This was certainly true for Mary and Martha, the two women introduced in the cartoon that day. They sent for Jesus while Lazarus was still alive so that He would come and heal their brother. But He didn’t come.  Not right away, at least. Then the unthinkable happened. Lazarus died, and he was placed in a tomb and mourned for several days. But even so, Jesus was nowhere to be seen. It wasn’t until Lazarus’ corpse had been decaying in a tomb for four days that Jesus finally showed up, much too late according to Mary and Martha’s estimation.

You can hear the disappointment dripping off their words as they see Jesus for the first time since their brother’s passing.

“Lord, if you had been here, my brother would not have died…”1 both sisters respond to Him separately upon seeing Him again, their hopelessness palpable.

They knew full well that Jesus could have kept this tragedy from happening, and yet He didn’t. Nonetheless, Jesus stated earlier that this sickness would not end in death, and ultimately it did not, because Jesus raised Lazarus to life moments later, and many Jews present because of Lazarus’ death believed in Jesus as a result.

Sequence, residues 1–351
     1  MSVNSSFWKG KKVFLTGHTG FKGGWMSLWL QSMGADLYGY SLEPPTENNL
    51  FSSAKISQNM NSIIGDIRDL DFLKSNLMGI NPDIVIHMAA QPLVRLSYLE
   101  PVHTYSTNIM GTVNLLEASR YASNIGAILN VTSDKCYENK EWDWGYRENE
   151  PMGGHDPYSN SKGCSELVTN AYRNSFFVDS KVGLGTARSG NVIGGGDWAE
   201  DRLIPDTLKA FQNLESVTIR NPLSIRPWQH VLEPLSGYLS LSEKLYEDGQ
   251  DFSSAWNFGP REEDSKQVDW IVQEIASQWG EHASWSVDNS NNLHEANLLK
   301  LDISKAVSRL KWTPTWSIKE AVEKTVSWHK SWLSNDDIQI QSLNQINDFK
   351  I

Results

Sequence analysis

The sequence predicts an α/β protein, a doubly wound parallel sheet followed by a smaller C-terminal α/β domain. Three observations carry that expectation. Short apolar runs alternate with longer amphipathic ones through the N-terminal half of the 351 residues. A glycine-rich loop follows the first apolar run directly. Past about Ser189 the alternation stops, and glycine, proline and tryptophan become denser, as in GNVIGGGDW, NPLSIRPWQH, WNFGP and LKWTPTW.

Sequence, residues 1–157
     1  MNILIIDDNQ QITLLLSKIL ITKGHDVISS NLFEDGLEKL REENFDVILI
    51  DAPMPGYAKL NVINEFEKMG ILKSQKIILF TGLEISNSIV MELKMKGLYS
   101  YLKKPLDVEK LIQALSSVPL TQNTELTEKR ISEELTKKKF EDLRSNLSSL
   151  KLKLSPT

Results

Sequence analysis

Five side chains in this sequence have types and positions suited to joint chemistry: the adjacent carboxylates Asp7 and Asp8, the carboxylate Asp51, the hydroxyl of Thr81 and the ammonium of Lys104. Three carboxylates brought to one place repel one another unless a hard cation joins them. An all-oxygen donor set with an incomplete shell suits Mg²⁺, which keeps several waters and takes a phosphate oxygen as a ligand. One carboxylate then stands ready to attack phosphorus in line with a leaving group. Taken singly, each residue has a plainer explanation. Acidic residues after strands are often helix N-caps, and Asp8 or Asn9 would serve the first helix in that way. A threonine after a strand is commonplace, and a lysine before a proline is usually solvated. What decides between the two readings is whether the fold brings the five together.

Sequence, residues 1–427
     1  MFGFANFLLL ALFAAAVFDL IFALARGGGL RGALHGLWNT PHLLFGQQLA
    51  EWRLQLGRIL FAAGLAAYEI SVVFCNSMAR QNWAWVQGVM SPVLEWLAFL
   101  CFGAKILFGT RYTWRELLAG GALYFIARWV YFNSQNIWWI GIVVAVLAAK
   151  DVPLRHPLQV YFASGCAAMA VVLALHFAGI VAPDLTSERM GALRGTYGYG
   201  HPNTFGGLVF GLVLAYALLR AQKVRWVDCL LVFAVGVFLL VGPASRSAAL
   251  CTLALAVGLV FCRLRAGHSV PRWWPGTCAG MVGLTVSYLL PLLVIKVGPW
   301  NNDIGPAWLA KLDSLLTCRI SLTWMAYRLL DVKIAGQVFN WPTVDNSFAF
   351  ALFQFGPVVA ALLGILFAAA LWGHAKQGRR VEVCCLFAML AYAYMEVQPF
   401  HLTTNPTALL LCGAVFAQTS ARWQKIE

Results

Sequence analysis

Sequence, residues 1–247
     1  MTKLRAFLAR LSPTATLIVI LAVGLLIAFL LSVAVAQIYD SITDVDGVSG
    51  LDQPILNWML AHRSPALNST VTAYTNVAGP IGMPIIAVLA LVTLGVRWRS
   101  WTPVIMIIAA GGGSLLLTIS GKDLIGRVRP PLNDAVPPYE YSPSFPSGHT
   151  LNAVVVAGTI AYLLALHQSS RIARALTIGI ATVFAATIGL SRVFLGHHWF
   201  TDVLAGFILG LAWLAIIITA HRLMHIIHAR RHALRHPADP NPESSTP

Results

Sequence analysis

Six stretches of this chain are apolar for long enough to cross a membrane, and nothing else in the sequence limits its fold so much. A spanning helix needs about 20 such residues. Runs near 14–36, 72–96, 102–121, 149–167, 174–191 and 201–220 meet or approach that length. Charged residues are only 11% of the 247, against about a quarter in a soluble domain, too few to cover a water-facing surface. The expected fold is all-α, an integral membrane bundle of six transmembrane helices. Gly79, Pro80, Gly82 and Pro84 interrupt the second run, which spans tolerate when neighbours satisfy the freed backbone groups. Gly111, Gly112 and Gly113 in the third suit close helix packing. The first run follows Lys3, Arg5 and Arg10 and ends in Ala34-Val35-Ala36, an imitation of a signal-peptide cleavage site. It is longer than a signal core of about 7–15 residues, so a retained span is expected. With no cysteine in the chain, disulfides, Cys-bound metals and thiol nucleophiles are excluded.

Mary and Martha would soon realize that Jesus was not too late. He had been intentional in His timing so as to not only bring Lazarus back to life but to also bring to life many Jews who had been spiritually dead. And through it all, Mary and Martha better understood who Jesus was. They saw Him mourn with them. They saw His compassion. And they saw just how powerful He was to be able to command death. They learned so many things about Jesus that they never would have known had His timing not been what it was. And although they suffered deeply for a few days before they could see what Jesus was up to, I can’t help but think that they must have ultimately been grateful for what His timing was in retrospect.